However, a donation of £20,000, by Sir Joseph Joel Duveen was offered specifically to build an extension specifically for these works of art. That work was completed in 1910 and Turner’s work has been housed at Tate Britain ever since. Today it lives in the Clore Gallery in Tate Britain, a purpose-built extension that incorporates Turner’s sketchbooks.
2. Kandinsky for Solomon R Guggenheim Museum
Solomon R Guggenheim’s Kandinsky collection is renowned. This collection not only shows some of his most famous pieces but his whole development as an artist.
The collection came to Tate in 1958 and showcased two very influential sides to Kandinsky: free expression which defined his work between 1909 and 1918 and his more geometrical style seen from 1921 to 1935. The latter style was seen as a major influence on a group of Parisian painters.
Artists such as Picasso and Matisse took up this geometric style seeing it as a form of political rebellion and they too became highly influential artists.
3. The John Hay Whitney Collection
From Blake, Raeburn and Romeny to Renoir, Van Gogh and Matisse – works of these incredibly well-known artists are all included in the John Hay Whitney collection. Some of these older watercolours had been hung on the walls of his family home and later became a part of his collection. One of his earlier purchases was Renoir’s Moulin de la Galette. 1876 was a sign of his diverging interest and admiration of French painters.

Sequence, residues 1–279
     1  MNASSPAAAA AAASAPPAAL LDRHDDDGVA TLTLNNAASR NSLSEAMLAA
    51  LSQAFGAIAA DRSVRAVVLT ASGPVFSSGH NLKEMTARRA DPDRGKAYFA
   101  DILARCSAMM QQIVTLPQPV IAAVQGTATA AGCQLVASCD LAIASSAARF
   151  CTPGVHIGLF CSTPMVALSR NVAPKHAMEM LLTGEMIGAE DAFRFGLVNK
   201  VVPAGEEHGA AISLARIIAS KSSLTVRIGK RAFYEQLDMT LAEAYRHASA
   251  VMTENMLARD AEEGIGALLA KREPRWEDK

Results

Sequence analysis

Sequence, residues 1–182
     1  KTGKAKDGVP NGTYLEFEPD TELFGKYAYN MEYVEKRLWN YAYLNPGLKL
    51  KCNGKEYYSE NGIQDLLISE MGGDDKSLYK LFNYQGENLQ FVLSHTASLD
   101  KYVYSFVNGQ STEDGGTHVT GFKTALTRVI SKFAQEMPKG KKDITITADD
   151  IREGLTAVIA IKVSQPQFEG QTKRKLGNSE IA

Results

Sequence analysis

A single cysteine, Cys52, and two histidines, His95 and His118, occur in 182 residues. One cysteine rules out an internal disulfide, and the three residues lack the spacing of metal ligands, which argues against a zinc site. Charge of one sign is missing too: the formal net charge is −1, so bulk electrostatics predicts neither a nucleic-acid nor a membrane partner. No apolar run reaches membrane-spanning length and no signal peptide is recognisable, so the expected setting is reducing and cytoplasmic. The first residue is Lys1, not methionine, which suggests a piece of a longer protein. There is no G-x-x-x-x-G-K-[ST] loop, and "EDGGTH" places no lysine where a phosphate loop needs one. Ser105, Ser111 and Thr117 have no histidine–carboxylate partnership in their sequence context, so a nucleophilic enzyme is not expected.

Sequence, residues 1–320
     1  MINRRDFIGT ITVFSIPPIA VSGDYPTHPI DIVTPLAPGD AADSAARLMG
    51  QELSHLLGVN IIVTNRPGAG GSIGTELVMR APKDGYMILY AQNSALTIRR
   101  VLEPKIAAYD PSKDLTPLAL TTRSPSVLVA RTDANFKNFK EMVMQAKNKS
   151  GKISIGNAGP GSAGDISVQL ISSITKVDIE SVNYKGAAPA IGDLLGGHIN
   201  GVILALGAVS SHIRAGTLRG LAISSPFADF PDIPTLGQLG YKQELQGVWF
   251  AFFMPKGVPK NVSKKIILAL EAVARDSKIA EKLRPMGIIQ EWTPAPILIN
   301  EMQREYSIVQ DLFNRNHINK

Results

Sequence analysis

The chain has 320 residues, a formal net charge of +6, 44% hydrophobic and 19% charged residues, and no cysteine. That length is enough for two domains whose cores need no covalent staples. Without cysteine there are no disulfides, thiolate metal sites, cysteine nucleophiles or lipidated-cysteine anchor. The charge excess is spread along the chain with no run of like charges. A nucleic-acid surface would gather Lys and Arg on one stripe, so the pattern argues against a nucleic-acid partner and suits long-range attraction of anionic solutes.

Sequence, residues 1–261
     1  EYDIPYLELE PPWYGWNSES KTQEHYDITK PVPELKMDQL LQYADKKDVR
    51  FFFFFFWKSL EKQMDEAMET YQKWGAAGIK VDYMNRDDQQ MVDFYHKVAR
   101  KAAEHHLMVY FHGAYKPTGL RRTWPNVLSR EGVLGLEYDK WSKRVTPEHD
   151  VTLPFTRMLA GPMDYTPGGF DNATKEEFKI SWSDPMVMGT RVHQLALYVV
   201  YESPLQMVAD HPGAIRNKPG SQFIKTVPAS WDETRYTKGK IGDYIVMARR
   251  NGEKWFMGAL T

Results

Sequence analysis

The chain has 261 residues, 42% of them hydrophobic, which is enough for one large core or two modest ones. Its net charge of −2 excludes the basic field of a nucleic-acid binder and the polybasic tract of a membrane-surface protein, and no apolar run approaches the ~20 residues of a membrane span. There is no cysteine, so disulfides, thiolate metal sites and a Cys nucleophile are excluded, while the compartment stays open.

Whitney went on to collect Renoir’s successors, Lautrec, Gaugin, and Matisse. His collection contains one of the greatest examples of Van Gogh’s long series of self-portraits. This collection was exhibited in Tate Britain in 1961.
4. The Froehlich Collection
The Froehlich Collection is comprised of contemporary German and American artists. The Collection contains more than 320 pieces by 10 American artists and 9 German artists. The collector became interested in collecting art from both countries after living in Germany and America during the post-war period of the 1950s and 1960s.
The collection includes key figures of the time including Joseph Beuys, Andy Warhol, Bruce Nauman and Gerhard Ritcher to name a few. This collection was exhibited in Tate Liverpool in 1999.
5. Andy Warhol Foundation for Visual Arts
It’s perhaps fair to say that Andy Warhol received far more than his 15 minutes of fame. His name is synonymous with Pop Art and he may be the most famous artist of all time.
His immigrant background and his willing embrace of consumerism and celebrity gave a nod to the American Dream. His artwork documented a shift in post-war culture which still resonates today. This collection was exhibited at Tate Modern art gallery in 2020.